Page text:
I have just returned from the State of Para. I was at the trial, May 15th 2007, of a rancher called Bida who was sentenced to 30 years in jail for murdering my sister. When asked where he lived he said, Plot 55. Plot 55 is where he murdered my sister. Plot 55 is where the Esperanza Government Project of Sustainable Development exists. Plot 55 is where two weeks before the trial Government Agents swooped down on this Plot 55 and chased off 1500 head of his cattle which were illegally grazing on this Government Project. How can a man in jail, in a high profile case, have the power to illegally graze his cattle on government land? There is still another rancher, much richer and more powerful who still needs to be tried who is called Regivaldo. Will he ever be tried?
While traveling in the Amazon, I traveled to a town called Xinguara. While traveling I saw ranch land that was dead, all the nutrients of the land gone, and a for sale sign, showing the rancher who wanted to sell his “dead” land. I was told that many ranches in the area are now dead. The people who owned the land were absentee landlords who lived in Rio and Sao Paulo. They did not care I was told. In this area several ranchers have been indicted for slavery. I did not see these issues being discussed by John Carter. Ranching does not put to work many people and those who are hired most are poorly paid or not paid at all. Ranching in large areas of the Amazon destroys the very sensitive soil.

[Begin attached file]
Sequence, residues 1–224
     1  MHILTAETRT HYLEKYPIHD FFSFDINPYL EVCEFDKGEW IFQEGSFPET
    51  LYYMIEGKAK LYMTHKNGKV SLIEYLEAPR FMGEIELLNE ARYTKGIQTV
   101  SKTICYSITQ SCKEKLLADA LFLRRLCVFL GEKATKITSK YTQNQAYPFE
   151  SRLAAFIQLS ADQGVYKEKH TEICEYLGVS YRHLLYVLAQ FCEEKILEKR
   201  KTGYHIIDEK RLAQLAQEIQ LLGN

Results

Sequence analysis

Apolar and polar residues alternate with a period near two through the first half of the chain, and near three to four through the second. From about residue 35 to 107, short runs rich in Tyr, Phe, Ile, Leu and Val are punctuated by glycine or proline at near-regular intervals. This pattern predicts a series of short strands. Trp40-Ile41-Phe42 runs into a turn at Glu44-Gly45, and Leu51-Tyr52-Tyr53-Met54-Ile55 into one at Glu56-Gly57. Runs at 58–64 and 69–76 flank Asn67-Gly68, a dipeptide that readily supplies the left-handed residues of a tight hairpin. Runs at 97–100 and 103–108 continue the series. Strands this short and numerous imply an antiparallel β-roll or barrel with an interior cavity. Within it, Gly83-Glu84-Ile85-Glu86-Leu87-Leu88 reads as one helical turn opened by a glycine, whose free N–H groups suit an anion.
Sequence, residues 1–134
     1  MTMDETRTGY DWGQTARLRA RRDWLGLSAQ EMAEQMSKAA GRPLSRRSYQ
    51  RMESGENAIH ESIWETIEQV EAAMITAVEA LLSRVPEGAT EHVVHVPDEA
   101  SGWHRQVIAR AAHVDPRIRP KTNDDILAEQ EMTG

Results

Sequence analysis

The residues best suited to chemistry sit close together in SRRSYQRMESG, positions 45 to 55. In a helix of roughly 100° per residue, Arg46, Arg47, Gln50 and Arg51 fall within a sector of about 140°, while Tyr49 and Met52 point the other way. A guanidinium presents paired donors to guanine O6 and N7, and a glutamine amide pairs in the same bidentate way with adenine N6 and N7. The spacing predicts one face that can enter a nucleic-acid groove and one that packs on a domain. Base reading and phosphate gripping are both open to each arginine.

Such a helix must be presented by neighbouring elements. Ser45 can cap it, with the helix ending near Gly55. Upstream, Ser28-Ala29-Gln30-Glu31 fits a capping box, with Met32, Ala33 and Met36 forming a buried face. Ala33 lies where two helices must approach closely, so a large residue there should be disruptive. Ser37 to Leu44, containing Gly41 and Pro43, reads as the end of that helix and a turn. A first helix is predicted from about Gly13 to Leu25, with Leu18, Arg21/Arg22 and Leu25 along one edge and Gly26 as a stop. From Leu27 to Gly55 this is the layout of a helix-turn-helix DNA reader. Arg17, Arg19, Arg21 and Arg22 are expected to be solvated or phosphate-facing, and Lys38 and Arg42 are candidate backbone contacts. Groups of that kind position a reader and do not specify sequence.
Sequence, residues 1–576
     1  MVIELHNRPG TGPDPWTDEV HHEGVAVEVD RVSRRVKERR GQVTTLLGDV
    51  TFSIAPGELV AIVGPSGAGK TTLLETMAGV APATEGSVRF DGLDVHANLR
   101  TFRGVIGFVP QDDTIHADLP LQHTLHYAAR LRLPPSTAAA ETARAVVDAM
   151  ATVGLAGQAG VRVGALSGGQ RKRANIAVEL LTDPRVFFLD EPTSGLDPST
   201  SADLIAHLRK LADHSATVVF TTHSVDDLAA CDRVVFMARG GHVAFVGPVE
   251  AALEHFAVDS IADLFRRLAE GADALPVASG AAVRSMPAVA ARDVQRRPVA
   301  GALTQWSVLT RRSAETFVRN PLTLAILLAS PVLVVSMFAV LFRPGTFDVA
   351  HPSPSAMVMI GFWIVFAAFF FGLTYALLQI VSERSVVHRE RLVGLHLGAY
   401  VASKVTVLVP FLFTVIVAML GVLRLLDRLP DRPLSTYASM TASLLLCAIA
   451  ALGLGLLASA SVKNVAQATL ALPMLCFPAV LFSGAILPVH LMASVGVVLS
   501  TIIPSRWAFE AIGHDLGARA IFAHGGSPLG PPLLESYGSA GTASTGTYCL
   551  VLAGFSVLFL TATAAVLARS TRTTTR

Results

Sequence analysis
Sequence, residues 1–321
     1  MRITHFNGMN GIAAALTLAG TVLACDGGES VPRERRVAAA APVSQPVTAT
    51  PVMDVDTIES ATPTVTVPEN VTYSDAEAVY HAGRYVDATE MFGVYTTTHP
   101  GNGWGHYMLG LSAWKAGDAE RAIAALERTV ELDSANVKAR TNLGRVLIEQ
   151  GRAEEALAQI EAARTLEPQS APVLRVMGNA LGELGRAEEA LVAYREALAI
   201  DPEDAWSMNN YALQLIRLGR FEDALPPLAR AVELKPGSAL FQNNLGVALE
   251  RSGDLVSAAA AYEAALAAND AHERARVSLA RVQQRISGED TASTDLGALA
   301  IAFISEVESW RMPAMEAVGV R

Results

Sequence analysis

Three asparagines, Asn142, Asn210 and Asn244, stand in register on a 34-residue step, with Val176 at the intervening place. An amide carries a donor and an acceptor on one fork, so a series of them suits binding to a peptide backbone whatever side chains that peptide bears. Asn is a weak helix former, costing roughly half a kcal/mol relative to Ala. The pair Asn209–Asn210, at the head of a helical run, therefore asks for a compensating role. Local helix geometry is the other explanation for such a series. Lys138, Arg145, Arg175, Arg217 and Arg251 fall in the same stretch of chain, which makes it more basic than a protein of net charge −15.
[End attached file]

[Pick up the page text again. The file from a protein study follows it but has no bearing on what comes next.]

Finally, the economy for the poor that my sister and the farmers tried to make productive was discouraged by the mayor, the city council, the ranchers and the loggers. Why should the farmers now trust the ranchers who enslave them, murder them, bribe the politicians. Why should the farmers trust IBAMA and INCRA, many of whom have been indicted for corruption, who can’t even build roads for them so that they can sell their crops? My sister was directly murdered by two pistoleiros who are paid by the ranchers. These pistoleiros swagger all over the forests. They are hit men who control peoples’ lives and terrorize the poor into slavery.
I believe what John Carter wishes to do is right. However, the article leaves out many many issues that I have just stated. John saying that the economy is where we need to be is exactly what my sister thought. However she was murdered for that great thought.